Promoting, supporting and encouraging the study of the United States since 1955

British Association for American Studies


BAAS Code of Conduct


The British Association for American Studies (BAAS) supports and promotes the study and discussion of the USA and its antecedents in schools and universities throughout the United Kingdom. BAAS is committed to providing opportunities for knowledge exchange, discussion, networking and professional development for the UK Americanist community. As such, BAAS strives to ensure that all of its events and activities remain an inclusive, respectful and supportive space for scholars, students, teachers and the general public. 

All members of BAAS and attendees at BAAS events (both online and in person) are expected to abide by this Code of Conduct. It will be circulated upon joining BAAS, renewing membership, at registration for all BAAS events (including the Annual Conference, Postgraduate Conference, and both online and in person meetings), and on the acceptance of BAAS awards, funding, and grants. 

Some of the content and material that we encounter as American Studies scholars can be both academically and emotionally challenging. BAAS expects members to be mindful of the impact their research can have on others, to contribute to fostering an environment which is safe and welcoming, and to promote values of dignity and respect. Our aim, therefore, is to promote open dialogue, academic debate and critical discussion in a way that is both compassionate and respectful. We do not accept racism, colourism, sexism, homophobia, antisemitism, ableism, transphobia, classism, ageism, xenophobia, Islamophobia, fatphobia/sizeism, or any other form of prejudice.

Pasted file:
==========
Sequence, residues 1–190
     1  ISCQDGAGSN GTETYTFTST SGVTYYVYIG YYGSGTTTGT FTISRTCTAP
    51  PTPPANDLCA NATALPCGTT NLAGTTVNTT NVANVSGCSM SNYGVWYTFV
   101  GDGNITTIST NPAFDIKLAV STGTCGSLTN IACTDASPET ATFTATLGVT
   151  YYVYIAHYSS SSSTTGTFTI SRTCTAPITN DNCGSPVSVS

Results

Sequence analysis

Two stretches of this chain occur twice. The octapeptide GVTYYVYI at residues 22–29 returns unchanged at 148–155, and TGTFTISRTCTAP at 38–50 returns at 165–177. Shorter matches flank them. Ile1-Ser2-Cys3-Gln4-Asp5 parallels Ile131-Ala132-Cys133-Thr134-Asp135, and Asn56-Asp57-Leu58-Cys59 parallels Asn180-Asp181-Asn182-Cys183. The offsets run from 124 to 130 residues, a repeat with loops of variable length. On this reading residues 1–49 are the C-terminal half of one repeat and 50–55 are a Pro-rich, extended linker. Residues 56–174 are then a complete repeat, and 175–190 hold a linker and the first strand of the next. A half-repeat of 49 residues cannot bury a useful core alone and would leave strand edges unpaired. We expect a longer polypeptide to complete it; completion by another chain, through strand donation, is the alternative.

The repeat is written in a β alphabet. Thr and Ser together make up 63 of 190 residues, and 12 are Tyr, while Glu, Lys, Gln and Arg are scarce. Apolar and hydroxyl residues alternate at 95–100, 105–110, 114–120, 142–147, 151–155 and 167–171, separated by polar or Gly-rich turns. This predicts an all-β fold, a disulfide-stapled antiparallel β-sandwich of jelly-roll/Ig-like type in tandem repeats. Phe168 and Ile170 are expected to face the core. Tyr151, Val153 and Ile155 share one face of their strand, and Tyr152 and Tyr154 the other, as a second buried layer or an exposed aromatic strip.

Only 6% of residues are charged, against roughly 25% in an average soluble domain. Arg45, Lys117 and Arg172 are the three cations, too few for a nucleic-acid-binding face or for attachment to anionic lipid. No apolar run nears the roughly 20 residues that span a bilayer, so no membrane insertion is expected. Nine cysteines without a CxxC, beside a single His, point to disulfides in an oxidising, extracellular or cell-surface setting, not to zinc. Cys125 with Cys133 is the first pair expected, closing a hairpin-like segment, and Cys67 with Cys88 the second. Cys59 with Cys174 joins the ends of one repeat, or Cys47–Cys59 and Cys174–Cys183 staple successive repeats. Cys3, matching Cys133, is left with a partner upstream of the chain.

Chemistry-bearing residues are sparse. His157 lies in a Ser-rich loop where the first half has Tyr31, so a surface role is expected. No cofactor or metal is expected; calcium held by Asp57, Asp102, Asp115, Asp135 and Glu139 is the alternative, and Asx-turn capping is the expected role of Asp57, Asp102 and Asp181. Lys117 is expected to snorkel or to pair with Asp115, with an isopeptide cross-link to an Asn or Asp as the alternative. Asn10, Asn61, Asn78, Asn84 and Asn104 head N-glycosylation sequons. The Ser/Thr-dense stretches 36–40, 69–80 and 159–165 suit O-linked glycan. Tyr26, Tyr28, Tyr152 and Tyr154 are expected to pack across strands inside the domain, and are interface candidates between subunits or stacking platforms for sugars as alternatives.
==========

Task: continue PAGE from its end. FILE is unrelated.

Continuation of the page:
BAAS’s Code of Conduct (COC) consists of the following sections:

  • Anti-Harassment, Anti-Bullying, and Anti-Discrimination Policy
  • Reporting Bullying, Discrimination, and Harassment Procedure

This Code helps BAAS achieve its goal to enable and guide safe and productive relationships between participants at its meetings, activities and events while at the same time discouraging discriminatory or harassing behaviour. With that in mind, please take a moment to review our Code of Conduct. In addition, we are also bound by the Equality Act 2010.

The Code is a living document and we expect it to change over time to reflect the changes in mind-set, attitudes, and priorities in and beyond academia. The BAAS Executive Committee welcome feedback and suggestions for improvement, so please feel free to contact us at

Anti-Harassment, Anti-Bullying, and Anti-Discrimination Policy

BAAS seeks to create and sustain a mutually respectful, inclusive, and supportive environment for all members, and thus is dedicated to providing a conference experience where harassment, bullying and discrimination are not tolerated. 

BAAS regards all forms of harassment, bullying and discrimination as unacceptable. Conduct may constitute harassment, bullying or discrimination whether or not the person behaving in that way intends to cause offense. This also applies to people who are not the subject of the harassment, bullying or discrimination, but who may witness and be offended by it. Harassment,  bullying or discrimination creates conditions or an environment about which a person could justifiably complain and where a person’s dignity is violated.

Unwanted conduct can be one-off. It does not need to be repeated to constitute harassment, bullying or discrimination. Unwanted conduct does not need to be directed at a person. It can be witnessed or overhead. It does not matter whether the conduct is acceptable to others or is common in universities, academic conferences, or other work environments.